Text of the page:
The Rise of Newt Gingrich... and the Lack of Entertaining TV
Attack the news media! One of the best TV story lines makes a comeback in the political scene. But why just stop there? Perhaps a new movement will start up.
The rise of Newt Gingrich as a strong Republican candidate brings to the forefront a typical political whipping post of years ago: the news media.
Gingrich also has problems with the news media -- he says it looks to pit Republican candidates on each other! Gingrich, during the debates, also has no problems attacking the media for its questioning in general.
A NPR report says this is common Gingrich stuff; he use be a strong attacker of the media -- back in his House of Representative days.
One former Gingrich staffer, Rich Galen, told NPR about a recent debate appearance. "He was able to get the crowd behind him in the arena, get the crowd behind him in living rooms around the country — because you can't go very far wrong attacking the media in front of a Republican audience, whether it's true or not."
It also never fails to make good television.
This works well with current news media stories. TV news programs have given much time in showing how the public's confidence in Congress is at an all time low -- somewhere under 10%. Now some politicians want to turn the tables. Why not the media? (Already some are taking a whack at how the media -- and TV in particular -- covered the Penn State scandal.)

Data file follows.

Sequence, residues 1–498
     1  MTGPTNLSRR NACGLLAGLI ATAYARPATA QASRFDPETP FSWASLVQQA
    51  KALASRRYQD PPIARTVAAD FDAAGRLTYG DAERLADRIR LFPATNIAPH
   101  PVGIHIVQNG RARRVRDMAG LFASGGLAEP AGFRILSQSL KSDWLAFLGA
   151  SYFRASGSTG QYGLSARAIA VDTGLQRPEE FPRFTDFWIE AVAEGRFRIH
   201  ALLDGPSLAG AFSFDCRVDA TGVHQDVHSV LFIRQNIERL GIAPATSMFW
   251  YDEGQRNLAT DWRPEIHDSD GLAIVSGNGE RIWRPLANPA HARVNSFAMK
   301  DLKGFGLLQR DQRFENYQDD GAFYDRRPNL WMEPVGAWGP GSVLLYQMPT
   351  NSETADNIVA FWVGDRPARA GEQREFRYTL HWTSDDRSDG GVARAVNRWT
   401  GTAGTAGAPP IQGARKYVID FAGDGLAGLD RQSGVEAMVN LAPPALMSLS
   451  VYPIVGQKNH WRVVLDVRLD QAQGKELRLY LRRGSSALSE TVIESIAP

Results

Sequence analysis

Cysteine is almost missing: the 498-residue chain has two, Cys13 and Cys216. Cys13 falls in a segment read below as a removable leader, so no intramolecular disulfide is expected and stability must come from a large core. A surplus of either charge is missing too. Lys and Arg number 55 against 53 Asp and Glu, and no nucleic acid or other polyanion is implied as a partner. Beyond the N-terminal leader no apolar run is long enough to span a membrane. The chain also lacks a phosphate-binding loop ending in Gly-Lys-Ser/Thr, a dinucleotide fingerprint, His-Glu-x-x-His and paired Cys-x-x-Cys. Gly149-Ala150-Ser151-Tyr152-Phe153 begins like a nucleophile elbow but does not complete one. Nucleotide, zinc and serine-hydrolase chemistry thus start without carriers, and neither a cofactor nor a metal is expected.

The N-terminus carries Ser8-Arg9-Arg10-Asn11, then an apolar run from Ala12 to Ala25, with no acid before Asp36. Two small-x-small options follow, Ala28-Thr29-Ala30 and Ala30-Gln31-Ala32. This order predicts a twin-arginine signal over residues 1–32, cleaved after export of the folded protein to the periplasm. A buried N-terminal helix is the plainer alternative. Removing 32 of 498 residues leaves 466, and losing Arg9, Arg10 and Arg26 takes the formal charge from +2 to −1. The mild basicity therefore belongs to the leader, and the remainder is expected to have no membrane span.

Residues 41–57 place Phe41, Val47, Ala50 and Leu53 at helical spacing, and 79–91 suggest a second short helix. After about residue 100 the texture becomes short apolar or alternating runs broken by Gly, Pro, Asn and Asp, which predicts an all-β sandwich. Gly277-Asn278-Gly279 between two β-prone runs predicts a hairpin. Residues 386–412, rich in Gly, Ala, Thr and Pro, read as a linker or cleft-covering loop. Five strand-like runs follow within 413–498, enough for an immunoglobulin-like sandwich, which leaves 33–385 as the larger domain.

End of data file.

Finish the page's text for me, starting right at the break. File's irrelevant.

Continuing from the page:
So, who can you trust? Not politicians, not Wall Street, and, now, not the media.
But why stop there? Maybe U.S. voters just hate other TV stuff. Gingrich should be piling on because of lacking entertainment programming -- especially those primetime TV shows that don't have any moral grounding.
Last season, ABC offered up 10 new scripted series and brought back two; CBS had eight new scripted series, and brought back three; Fox had seven new scripted series, bring back three; and NBC had 12, returning one.
Those kinds of numbers are probably the result of poor senior-level decision-making -- like a few government officials he knows. Maybe he should be asking: "What were you thinking with... "Charlie's Angels"? That would get the crowd going in the right direction. Maybe he needs to occupy... Hollywood.